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Overview of patents in South Africa

Article by Hugo Biermann from Adams & Adams

As the first in a series regarding patents in South Africa, this article provides a general framework of the patenting process and introduces a number of concepts which will be dealt with in subsequent articles.

A patent is a limited monopoly granted by the state to an inventor, or another person entitled to an invention, in exchange for the disclosure of the invention to the public. Generally, inventions have a technical content and could, for example, be in the form of new articles or devices, apparatus or equipment, processes for producing or manufacturing a product, chemical substances and formulations and technical computer-implemented methods.

Patents are territorial, meaning that one must apply for patent protection in each country where protection is sought. A patent may be granted for any new invention which involves an inventive step and which can be used or applied in trade or industry or agriculture. With regard to novelty, it is important to note that an invention must be kept confidential until a patent application has actually been filed. Territoriality, novelty and inventiveness will be explored in subsequent articles.

A patent application is made by filing a patent specification, together with the necessary forms and government fees, at the South African Patent Office. The patent specification includes a description of the invention and typically also drawings, and may be either a provisional or complete patent specification. The next article in the series will focus on the difference between provisional and complete patent applications in South Africa.

A provisional application does not lead to any enforceable rights. If a provisional application is not followed by the filing of a complete application within 12 months, it lapses. A complete patent application can be filed in the first instance (without first filing a provisional application), but this is only advisable if the applicant is completely satisfied that the invention has been perfected and that further improvements or modifications thereof are unlikely.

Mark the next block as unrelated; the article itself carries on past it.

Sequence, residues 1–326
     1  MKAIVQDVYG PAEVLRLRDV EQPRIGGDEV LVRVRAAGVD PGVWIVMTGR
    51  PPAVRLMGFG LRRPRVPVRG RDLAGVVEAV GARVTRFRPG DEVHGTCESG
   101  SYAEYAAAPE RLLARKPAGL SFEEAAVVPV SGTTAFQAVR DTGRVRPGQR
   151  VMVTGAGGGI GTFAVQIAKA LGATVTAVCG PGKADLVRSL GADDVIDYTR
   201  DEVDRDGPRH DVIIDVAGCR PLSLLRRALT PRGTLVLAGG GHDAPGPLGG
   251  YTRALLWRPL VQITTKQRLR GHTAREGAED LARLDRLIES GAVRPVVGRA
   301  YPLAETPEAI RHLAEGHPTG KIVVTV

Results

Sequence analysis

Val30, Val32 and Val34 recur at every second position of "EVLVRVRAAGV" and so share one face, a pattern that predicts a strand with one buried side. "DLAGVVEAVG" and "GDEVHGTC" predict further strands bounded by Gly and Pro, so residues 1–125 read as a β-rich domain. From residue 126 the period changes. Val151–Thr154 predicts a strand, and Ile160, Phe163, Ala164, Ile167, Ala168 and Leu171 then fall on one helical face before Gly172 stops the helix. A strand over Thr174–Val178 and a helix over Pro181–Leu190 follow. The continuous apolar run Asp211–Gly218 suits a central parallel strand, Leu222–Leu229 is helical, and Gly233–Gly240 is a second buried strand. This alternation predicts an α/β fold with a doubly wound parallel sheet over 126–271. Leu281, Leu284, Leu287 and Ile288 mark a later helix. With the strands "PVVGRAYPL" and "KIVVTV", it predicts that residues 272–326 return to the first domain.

The term of a patent is 20 years dating from the date of filing the complete application, subject to the patent being maintained in force by the payment of the prescribed renewal fees. In order to maintain the patent in force, it is necessary for annual renewal fees to be paid, commencing at the end of the third year after the filing of the complete application. The holder of a granted patent can prevent others from exploiting the patented invention to ensure that only the patent holder enjoys the profit or advantage that the invention affords for the term of the patent. After expiry of the term, members of the public are free to exploit the invention. The maintenance of a granted patent, as well as the effects of a patent, will be explored in subsequent articles.

The scope of protection afforded by a patent is defined in a section of the patent specification entitled the ‘claims’. Patent claims need to be carefully prepared by an experienced patent attorney in order to minimise the risk of others being able to exploit the invention during the term of a patent by including or excluding certain features thereof while still making use of the fundamental concept of the invention.

If patent protection for an invention is required in any country outside of South Africa, separate patent protection must be pursued in each country. This is normally achieved by a patent application in each country of interest and/or by a regional application. Foreign patent protection, as well as Patent Cooperation Treaty (PCT) patent applications, will be the focus of separate articles.

The costs involved in preparing and filing a provisional or complete patent application will vary from case to case and will depend on a number of factors, most notably the complexity of the invention and the length of the patent specification.

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